As if welcoming the Chinese President to Downing Street had not provided the UK with a sufficient crisis of conscience over relations with authoritarian regimes last week, another two controversial leaders are due to arrive in the coming days.
Preparations are entering the final stages for the arrival of Egypt’s President Abdel Fattah al-Sisi in London next week, despite concerns from campaigners that Britain is sending the “wrong signal” to the rest of the world after Cairo’s orders for mass executions.
Kazakhstan President Nursultan Nazarbayev is also due to visit the UK shortly, amid concerns from Amnesty International that there has been no improvement in reports of human rights violations in the former Soviet state.
Shadow Chancellor John McDonnell is among 55 signatories to a letter urging David Cameron to cancel the invitation to Mr Sisi on the grounds that he is a military dictator responsible for a “regime of terror”.
University lecturers, the filmmaker Ken Loach and union leaders are among others who have raised concerns – with thousands of activists expected to host protests against the visit. “President Sisi’s arrival in the UK will be another key test of whether David Cameron is prepared to do more than roll out red carpets for authoritarian leaders,” said Amnesty International UK spokeswoman Karla McLaren.
“We want to see David Cameron personally raising human rights issues in face-to-face talks with President Sisi.
“There have been horrifying mass death sentences since President Sisi came to power - some after grossly unfair trials - and thousands have been detained in an attempt to quash all opposition.
“During the Chinese president’s visit, the world got the distinct impression that the UK had sidelined human rights in favour of Chinese money for things like power stations. We need to see a more principled approach from Mr Cameron when it comes to Mr Sisi’s visit.”
Mr Cameron was criticised for inviting Mr Sisi to the UK when news emerged of his impending arrival in July, despite widespread concern about the former chief of the Egyptian armed forces’ human rights record.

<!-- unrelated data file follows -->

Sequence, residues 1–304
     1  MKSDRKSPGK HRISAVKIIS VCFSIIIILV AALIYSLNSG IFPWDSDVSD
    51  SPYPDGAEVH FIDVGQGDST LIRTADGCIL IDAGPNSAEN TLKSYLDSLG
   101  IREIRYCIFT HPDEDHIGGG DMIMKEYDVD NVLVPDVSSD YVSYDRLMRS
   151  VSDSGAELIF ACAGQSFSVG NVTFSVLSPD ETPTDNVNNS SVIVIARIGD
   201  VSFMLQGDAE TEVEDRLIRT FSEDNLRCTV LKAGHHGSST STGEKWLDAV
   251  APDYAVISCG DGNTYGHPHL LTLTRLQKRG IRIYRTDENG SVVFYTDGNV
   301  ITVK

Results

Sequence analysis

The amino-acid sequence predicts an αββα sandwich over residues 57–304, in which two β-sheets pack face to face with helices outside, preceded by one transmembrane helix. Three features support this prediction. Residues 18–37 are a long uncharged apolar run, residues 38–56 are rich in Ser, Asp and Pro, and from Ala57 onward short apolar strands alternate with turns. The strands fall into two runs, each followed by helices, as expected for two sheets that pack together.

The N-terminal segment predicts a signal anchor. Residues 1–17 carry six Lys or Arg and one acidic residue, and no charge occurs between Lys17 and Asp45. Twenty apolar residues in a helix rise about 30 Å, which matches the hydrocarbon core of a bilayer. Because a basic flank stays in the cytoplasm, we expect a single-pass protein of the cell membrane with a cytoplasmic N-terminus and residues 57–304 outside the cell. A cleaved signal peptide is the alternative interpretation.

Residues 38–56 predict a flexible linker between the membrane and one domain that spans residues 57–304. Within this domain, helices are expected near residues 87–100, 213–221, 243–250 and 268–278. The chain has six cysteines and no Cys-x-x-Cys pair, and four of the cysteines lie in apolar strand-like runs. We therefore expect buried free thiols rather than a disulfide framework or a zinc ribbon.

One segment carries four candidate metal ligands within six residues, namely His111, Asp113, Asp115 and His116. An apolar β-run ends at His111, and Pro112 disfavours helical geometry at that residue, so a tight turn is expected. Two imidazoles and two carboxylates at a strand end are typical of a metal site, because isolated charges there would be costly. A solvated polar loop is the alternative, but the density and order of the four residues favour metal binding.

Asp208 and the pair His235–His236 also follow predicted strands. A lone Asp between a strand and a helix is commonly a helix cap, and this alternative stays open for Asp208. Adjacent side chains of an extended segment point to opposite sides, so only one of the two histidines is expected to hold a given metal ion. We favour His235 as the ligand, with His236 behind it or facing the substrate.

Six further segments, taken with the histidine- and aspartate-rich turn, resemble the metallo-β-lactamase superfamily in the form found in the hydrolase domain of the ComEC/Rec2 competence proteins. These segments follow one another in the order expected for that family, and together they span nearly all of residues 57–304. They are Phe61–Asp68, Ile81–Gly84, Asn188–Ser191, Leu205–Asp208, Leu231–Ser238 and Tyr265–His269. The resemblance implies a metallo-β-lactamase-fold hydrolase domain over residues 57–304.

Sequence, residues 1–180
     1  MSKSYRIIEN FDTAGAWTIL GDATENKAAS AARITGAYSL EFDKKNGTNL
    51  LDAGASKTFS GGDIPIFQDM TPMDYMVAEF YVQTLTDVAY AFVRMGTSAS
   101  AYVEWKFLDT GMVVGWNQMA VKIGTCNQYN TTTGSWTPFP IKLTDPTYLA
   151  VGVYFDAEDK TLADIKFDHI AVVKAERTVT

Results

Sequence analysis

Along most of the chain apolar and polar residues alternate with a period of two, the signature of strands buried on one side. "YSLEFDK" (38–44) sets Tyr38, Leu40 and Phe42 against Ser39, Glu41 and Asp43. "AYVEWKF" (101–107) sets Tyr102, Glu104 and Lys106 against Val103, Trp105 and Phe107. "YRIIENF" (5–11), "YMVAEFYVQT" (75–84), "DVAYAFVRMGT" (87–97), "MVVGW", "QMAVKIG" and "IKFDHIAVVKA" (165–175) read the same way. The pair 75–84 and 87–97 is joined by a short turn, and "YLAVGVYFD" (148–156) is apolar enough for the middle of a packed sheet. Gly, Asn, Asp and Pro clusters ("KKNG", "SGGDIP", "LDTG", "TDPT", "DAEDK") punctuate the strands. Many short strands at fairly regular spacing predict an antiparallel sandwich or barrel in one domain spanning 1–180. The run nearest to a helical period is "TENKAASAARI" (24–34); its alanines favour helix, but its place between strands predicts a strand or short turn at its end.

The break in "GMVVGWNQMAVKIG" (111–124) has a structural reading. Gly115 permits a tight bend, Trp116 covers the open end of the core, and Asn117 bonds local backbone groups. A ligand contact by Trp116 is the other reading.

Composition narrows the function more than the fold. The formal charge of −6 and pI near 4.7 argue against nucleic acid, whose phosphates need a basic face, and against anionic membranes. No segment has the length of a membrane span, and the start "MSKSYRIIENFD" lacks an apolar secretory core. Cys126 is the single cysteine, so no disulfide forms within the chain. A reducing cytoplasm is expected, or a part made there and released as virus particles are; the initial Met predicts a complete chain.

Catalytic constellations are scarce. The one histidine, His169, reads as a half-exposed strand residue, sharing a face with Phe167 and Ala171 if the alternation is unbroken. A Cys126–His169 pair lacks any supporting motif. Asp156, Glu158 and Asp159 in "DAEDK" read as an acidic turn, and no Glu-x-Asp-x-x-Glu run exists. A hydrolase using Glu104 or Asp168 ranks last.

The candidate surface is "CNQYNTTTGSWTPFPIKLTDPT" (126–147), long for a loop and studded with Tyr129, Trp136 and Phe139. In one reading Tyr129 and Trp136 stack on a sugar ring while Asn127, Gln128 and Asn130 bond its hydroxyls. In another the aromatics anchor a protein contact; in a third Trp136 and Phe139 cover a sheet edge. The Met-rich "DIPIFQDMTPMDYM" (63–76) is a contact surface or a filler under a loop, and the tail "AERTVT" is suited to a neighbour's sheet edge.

The invitation was confirmed after an Egyptian court upheld a death sentence against the country’s elected Islamic predecessor, president Mohamed Morsi, who was ousted in a military coup. Whitehall said at the time of the announcement that “no issues” would be off the table during the visit. Mr Cameron’s official spokeswoman said at the time it was important for the UK to engage with countries where there were issues that were in the UK’s national interest.
Activists who have launched a “Stop Sisi” campaign are planning to protest against the president’s arrival outside Downing Street on 4 November.
They claim the visit signals an “explicit endorsement” by Britain of human rights abuses. They claim 40,000 political prisoners have been arrested in Egypt since he came to power.
“We are calling upon the British government to hold al-Sisi accountable to the human rights abuses and believe that a clear, unequivocal message of disapprobation needs to be sent.”
The visit of the Kazakh leader is also concerning some activists. In their most recent report on the country, Human Rights Watch cautioned that Mr Nazarbayev’s regime “heavily restricts freedom of assembly, speech, and religion”. It also noted that although “police officers faced charges of torture but impunity remains the norm”.
Amnesty has also said that the country’s governmental system had “prevented victims of torture and their relatives from obtaining justice”.
Downing Street is yet to comment on the visits.
Coming soon: Red-carpet dictators
Egypt Abdel Fattah al-Sisi was elected President in 2014. As chief of the armed forces, he ousted President Mohamed Morsi in 2013, launching a crackdown that left 1,400 dead and 16,000 in jail. He faced only one opponent in the election, which was boycotted by most parties including the Muslim Brotherhood.
Kazakhstan President Nursultan Nazarbayev has been in power virtually unchallenged since the country gained independence from the Soviet Union in 1991. He is widely credited for the country’s economic growth, but has been criticised for resisting democracy. He polled more than 97 per cent in the most recent election, prompting concerns about its conduct.
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